Friday, November 11, 2016

B2 Language Structures

  • to be fed up with something/doing something (face2face, Upper Intermediate, Workbook, page 64) + Learn other ways of expressing feelings and opinions in exercise 1a, face2face, p 18

  • to get used to something/doing something (face2face, Workbook, p 64). See: used to + INF vs. be/get used to + GERNowadays children are not used to playing games outdoors. BUT When they were children, my parents used to play in the street and would invent their own games. be/get used to + GERUND BUT used to + INFINITIVE

  • An alternative way to express probability: [not] to be likely to do something: Relax about your mistakes and you are less likely to make them again. (face2face, Workbook, p 64)

  • To express that a situation has ceased to exist we use the expression: Affirmative verb + no longer OR Negative verb + anymore/any longer: Exams are no longer necessary OR Exams aren't necessary anymore/any longer. (face2face, p 12, 19, 105) He does not travel by plane any more/any longer = He no longer travels by plane.

  • something is worth doing: His book will convince people that rapid cognition is worth studying. (face2face, p 21) See also: the "worth" structures

  • to blame someone for something; to blame something on something else; to blame something/someone: She is not be blamed for her mistakes! A lot of people blame everything on the media. It's time we stopped blaming the school system. (face2face, p 82 + Workbook, p 66) 

  • We say something is supposed to + Verb (The "dead kangaroo" story was supposed to have happened in the Australian outback, Listening Unit 4A) or someone is supposed to be + Adjective (People in that part of the world are supposed to be very talkative). 

  • To evaluate an activity we say: I find it easy/difficult/etc to + INF:  Do you find it easy to work out what's happening when you watch a film in English? (face2facep 32) To evaluate people or things we use the structure: Subject + find + someone/something + AdjectiveI find Eva Hache funny. NOT *I find funny Eva Hache. He found that film boring. (p 36)

  • to do one's best [to achieve something/to get something done]Big companies also do their best to fool the public. (face2face, p 36)

  • To point out a progressive increase we use a double comparative: These days we're all becoming more and more concerned about the effect our lifestyle has on the environment. (p 46)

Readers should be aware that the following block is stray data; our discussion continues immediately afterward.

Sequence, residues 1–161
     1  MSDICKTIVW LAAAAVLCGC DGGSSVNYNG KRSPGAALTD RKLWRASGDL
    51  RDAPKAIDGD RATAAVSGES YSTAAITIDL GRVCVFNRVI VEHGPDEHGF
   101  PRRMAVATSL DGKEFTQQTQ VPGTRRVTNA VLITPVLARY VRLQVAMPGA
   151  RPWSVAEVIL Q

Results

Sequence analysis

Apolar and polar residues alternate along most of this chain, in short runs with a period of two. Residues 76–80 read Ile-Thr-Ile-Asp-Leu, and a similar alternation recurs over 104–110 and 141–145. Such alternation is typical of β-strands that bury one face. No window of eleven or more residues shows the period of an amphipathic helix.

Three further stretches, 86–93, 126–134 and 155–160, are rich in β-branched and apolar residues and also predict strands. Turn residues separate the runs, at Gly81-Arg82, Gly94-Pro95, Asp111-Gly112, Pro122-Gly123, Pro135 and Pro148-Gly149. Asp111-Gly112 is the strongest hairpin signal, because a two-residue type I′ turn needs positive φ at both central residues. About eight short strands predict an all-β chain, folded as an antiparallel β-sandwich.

• We say: You should go and see a Bollywood film. NOT *...go to see...! (p 73)

  • This is the first time I have heard such a thingThis is the first time + Subject + PRESENT PERFECT. BUT The first time my mother went clubbing she was 19The first time + Subject + PAST SIMPLE.

  • The more prominent a story is, the more likely you are to read it. (face2face, Workbook, p 80): the + COMPARATIVE + subject + verb, the + COMPARATIVE + subject + verb The rarer an autograph is, the more I can ask for it.

  • I only have two subjects left to finish my degree. You still have 5,000 words left to say! (face2face, Workbook, p 169): Noun + left [+ to + INF]

  •  We use the expressions to have/get something done OR to get someone to do something to talk about actions that we ask or persuade someone else to do for us.

  • ...it's my turn to babysit tonight: to be someone's turn to do something: it + be + possessive + turn + to + ING

  • Rosa Parks was sitting with three other blacks in the fifth rowSyntactical order: NUMBER + other(SINGULAR) + PLURAL NOUN

  • Martin Luther King was awarded the Nobel Peace Prize for his role in the Civil Rights Movement. The film Crash won the Academy Award for Best Film in 2005. Someone is awarded a prize for something/doing something

  • Whenever you feel like it. ALSO: Do you feel like going out tonight, or would you rather stay in? [not] feel like something/doing something

  • To express when something is not where it should be or someone is not present: My keys are missing from the cupboard; have you seen them anywhere? Eighty years after the war, her grandfather's remains are still missing. something/someone + be + missing

  • Stop [or prevent] are followed by object + (from) + GER: Try to stop/prevent them (from) finding out. (The preposition from is optional.) It is the opposite expression from ask somebody to do something.

  • Using GERunds as nouns or adjectives: The project coordinator finds the writing and translating both stimulating and challenging.

  • They decided to go and live in Zimbabwe. NOT … decided to go *to live in …  In American English, though, the bare infinitive is acceptable after go or come: Come take a look!

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